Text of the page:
Nine Things You Can Do To Protect Yourself Online


Robert Maldonado Rodriguez

Act now! Protect your online identity.

Robert Maldonado Rodriguez, Reporter

January 28 is Data Privacy Day, a day to spread awareness about online privacy and cybersecurity. With technology usage continuing to rapidly grow, people often forget about their own personal security. The cybersecurity news site, Cyber talk stated: “95% of cyber security breaches result from human error.” According to Cybertalk’s 2022 security report, “leading industries and economic sectors have seen a 55% increase in cyber attacks,” with a reported average of 1605 attacks every week.

Here are nine things you can do to protect yourself online.


  1. Watch out for links.

This is a common tool hackers use to trick you into providing information. If you click on these links, it takes you to a website that looks similar to the real one. These sites often ask you to log in or give private information. If something looks suspicious to you, don’t click on it.


  1. Set up multi-factor authentication

A person can access your account with only a username and password. Adding multi-factor authentication gives you an extra layer of protection to your account. You can set this up by using your phone number, email, or downloading an authentication app like Microsoft Authenticator.


  1. Keep your devices up to date

Your electronic devices should always be up to date with the latest updates. The older a system or software is, the more time a hacker has had to find a weakness in it. By keeping devices up to date, you can assure yourself that you have the latest security features.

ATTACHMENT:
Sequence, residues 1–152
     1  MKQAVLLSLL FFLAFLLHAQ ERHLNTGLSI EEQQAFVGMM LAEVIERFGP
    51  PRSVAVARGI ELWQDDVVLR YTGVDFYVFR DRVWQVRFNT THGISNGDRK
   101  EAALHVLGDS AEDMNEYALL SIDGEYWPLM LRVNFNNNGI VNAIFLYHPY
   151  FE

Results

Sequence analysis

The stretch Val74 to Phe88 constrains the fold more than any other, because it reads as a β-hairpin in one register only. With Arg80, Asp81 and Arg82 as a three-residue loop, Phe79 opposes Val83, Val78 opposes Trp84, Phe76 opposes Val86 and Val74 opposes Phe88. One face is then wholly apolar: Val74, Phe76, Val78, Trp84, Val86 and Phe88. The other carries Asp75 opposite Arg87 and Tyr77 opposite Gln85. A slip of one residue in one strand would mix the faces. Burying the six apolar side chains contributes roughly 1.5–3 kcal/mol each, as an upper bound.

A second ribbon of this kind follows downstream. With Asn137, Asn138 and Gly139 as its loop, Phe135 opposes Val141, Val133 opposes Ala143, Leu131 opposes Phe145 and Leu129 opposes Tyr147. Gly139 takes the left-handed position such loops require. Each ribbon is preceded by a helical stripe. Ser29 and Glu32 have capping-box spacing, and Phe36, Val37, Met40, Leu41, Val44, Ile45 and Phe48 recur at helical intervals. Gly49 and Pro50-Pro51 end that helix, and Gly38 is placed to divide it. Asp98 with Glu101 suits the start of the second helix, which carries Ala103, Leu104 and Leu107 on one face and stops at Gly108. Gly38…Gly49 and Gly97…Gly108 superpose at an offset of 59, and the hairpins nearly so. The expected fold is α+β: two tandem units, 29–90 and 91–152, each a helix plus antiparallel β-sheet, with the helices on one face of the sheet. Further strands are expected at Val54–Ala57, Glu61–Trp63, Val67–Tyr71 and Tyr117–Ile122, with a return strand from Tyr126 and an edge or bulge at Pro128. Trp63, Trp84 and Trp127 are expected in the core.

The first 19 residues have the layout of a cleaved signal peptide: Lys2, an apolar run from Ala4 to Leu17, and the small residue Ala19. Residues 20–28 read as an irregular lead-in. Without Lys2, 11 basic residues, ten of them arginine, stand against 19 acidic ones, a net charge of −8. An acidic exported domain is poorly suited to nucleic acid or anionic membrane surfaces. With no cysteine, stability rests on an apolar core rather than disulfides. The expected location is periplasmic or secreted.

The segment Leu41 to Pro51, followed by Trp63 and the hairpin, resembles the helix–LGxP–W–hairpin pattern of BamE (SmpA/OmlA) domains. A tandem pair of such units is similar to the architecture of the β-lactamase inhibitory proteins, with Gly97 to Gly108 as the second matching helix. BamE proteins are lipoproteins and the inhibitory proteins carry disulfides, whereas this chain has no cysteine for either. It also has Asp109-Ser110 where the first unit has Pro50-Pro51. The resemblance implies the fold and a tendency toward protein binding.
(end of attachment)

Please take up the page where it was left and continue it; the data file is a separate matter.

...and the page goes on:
1. Use strong passwords

According to the National Institute of Standards and Technology’s 2017 password policy framework, passwords should be at least eight characters and a maximum length of 64 characters. The password should contain:

  • At least one lowercase letter.
  • One uppercase letter.
  • One number.
  • Four symbols that are not &%#@.

Choose something that is easy to remember but hard for hackers to decipher.


  1. Avoid using unsecured/public wifi

Public wifi access like Starbucks is great but don’t use it while shopping, banking, or doing anything that involves your personal information. When you connect to a public network, you share the network with everyone who is also connected.


  1. Keep track of your digital footprint

Your digital footprint is a record of your online activity. It shows your internet history and data submitted on websites. Make sure to recall what information is stored on them like credit card numbers. This can help catch suspicious activity and take it down quickly.


  1. Be careful of what you share on social media

Telling your followers everything on social media has become a norm but this can put your personal information at risk. Make sure to check your privacy settings on the specific app to know what is happening and what is being shared. Be cautious when posting personal identifiers.


  1. Use malware/virus protection programs.

Malware is software designed to damage a device without your consent. Malware includes computer viruses, worms, trojan horses, spyware, and more. You can find this on websites, emails, photos, videos, or hidden in files you download. The best way to avoid infection is to have a good antivirus program and run scans for malware.


  1. Never reuse passwords

Global Vice President of Infinity, a Stamford Technology Company, Bhavna Juneja, says, “the most common mistake people make is keeping one common password for all their logins and social platforms.” Keeping different passwords ensures better security for your data.